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Sidebar                                                Pages 32-33

 

Linking Students to Health

Care Coverage    

 

BY SHARON ADAMS-TAYLOR

In a partnership with the nationally respected Children’s Defense Fund, AASA is encouraging schools to enroll eligible students in Medicaid or the state’s Children’s Health Insurance Program.

Through a grant from the Centers for Medicare and Medicaid Services, the joint venture is built around a simple question: “Does your child have health insurance?” Parents who cannot respond in the affirmative receive information on Medicaid and CHIP and help in completing the application. We are promoting access to health insurance through school registration materials and want to ensure the outreach and enrollment become a routine operation in all school districts.

“In any health coverage for children, it’s important to simplify the bureaucracy and build on best practices to make it easier for the eligible to receive benefits,” says Marian Wright Edelman, CDF president.

Medicaid and CHIP provide low-cost or free health coverage for uninsured children and comprehensive benefits including doctor visits; vision; dental and mental health services; prescriptions; immunizations;   X-rays; hospitalization; specialty care; basic prenatal care; and more. In addition, young adults under the age of 26 will qualify for their parents’ health insurance plan if they are not receiving health insurance from an employer.

Willing Participation
AASA and CDF are testing this strategy in eight urban, rural and suburban school systems with diverse student populations: El Monte Union High School District and the Mountain View School District in California; Clarke County School District and Gwinnett County Public Schools in Georgia; Jefferson Parish Public Schools and Orleans Parish School Board in Louisiana; and Clarksdale Municipal School District and Cleveland School District in the Mississippi Delta.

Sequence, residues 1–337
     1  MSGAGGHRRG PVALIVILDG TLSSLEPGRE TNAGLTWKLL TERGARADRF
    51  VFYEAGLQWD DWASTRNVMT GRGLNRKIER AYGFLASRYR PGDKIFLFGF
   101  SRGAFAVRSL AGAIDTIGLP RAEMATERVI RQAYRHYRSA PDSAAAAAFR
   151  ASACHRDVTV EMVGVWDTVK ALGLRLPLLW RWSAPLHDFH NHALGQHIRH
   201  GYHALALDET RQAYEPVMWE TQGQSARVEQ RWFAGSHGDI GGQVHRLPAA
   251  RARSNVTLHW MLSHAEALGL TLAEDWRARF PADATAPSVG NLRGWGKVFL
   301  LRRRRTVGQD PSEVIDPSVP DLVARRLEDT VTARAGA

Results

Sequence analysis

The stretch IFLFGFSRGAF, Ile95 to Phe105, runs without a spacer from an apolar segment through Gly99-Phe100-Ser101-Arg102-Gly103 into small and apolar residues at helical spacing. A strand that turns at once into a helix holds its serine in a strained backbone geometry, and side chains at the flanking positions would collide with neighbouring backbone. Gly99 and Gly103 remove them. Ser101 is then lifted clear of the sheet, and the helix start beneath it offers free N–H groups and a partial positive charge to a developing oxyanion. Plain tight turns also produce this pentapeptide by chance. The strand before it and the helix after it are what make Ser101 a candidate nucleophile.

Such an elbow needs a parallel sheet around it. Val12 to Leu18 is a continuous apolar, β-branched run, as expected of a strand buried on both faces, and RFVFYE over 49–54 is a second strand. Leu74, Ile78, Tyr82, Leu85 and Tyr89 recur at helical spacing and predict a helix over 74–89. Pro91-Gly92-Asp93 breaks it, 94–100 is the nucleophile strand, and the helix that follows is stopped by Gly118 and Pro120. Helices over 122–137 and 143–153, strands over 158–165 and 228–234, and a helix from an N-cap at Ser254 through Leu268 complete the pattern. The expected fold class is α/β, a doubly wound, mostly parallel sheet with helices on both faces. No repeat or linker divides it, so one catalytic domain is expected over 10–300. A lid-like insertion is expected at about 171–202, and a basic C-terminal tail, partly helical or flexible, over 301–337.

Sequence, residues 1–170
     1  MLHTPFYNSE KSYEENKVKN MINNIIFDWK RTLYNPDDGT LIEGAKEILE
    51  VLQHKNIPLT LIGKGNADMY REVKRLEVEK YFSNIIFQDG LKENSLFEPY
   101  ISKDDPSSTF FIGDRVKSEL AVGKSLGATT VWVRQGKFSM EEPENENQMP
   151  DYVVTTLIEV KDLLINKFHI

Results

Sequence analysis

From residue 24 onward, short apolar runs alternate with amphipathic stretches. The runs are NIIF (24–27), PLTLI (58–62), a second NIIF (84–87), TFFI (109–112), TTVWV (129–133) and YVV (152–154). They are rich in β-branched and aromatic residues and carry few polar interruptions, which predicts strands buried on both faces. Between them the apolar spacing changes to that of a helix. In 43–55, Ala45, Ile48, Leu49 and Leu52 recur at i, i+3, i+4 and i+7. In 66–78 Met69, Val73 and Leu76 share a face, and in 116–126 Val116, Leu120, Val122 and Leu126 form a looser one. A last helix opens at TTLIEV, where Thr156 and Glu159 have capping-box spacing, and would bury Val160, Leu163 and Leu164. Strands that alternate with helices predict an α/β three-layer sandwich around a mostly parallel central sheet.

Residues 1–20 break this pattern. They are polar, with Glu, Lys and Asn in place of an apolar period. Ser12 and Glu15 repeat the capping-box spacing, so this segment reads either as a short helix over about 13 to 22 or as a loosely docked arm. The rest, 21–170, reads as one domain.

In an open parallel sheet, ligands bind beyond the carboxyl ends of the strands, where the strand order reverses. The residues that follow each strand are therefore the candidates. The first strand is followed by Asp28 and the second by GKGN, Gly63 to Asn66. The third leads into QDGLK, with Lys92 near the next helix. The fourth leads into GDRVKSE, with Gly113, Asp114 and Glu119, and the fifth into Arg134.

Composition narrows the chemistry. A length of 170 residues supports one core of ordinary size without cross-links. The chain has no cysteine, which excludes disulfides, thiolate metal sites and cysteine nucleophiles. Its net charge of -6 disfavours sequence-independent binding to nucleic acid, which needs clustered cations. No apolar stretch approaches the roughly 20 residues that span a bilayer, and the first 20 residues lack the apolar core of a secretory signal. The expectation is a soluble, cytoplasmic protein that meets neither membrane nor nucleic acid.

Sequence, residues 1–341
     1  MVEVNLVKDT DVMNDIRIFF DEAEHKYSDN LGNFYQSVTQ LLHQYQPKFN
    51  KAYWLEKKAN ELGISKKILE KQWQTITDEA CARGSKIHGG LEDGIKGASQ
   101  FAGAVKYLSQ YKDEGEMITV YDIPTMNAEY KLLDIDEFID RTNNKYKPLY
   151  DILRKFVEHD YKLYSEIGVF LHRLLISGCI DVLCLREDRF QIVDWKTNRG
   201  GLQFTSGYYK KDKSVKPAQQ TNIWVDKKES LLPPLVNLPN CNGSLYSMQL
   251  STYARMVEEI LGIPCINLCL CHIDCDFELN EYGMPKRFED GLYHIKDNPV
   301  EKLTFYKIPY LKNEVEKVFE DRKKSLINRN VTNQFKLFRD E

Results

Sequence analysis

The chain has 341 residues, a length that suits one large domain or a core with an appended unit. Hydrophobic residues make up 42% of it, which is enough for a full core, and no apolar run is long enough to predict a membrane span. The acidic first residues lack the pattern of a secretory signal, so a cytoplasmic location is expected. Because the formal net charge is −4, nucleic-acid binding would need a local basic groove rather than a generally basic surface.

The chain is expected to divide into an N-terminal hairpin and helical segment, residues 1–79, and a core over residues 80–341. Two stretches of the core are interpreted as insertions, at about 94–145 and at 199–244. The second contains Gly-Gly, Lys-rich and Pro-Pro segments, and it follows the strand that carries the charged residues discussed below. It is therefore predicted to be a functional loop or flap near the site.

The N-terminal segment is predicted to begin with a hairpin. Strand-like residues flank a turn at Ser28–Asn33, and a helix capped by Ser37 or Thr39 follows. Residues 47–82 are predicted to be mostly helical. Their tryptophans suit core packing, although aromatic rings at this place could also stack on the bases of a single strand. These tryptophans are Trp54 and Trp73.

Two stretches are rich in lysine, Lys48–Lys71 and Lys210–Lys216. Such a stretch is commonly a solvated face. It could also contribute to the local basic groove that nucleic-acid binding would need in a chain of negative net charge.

The superintendents of these school districts willingly agreed to work with AASA and the Children’s Defense Fund because it made sense. They knew it would help them accomplish their main goal — the academic achievement and regular attendance of students without health insurance.

Phil Lanoue, superintendent in Clarke County, Ga., has made this registration process part of the first goal in the school district’s strategic plan.

“Participating in this AASA/CDF initiative is one of the best decisions I ever made as a superintendent,” Lanoue says.

The leadership and engagement of the superintendent are critical for any school-related policy, program or practice to be effective. Clearly, districtwide adoption of effective practices that will identify eligible children who are not enrolled in Medicaid or CHIP requires major coordination.

A Role for Schools
When about two-thirds of uninsured children are eligible but unenrolled in Medicaid or CHIP, it’s a strong signal that more should be done to help connect students and families with affordable coverage.

Nearly 90 percent of nonparticipating eligible children live in families with at least one working parent who either cannot afford health insurance or does not receive it as a benefit of employment.

There may be no better way to reach uninsured children than in schools, through those individuals who come into contact with children and families every day. Medicaid and CHIP outreach and enrollment assistance is especially important during the recession. Newly eligible families may be unfamiliar with public programs. As employees of a trusted institution, educators can talk credibly with families and may know which families need medical services. Schools are the single best place to link eligible low-income children with health coverage.

The Affordable Care Act represents the most significant government expansion and regulatory overhaul of the U.S. health care system since the passage of Medicare and Medicaid in 1965. Full implementation of the act is needed for schools to continue gains in promoting health coverage for eligible students.

“Although the challenges public education faces — fiscally, economically, politically and socially — are complex, there are discrete solutions that we can leverage right now to transform learning — one of them being making sure that eligible students have health insurance,” Dan Domenech, AASA executive director, says.

For more information about this initiative, visit www.aasa.org/childrensinsurance.aspx.

Sharon Adams-Taylor is associate executive director of children’s initiatives and program development at AASA. E-mail: sadams@aasa.org 

 

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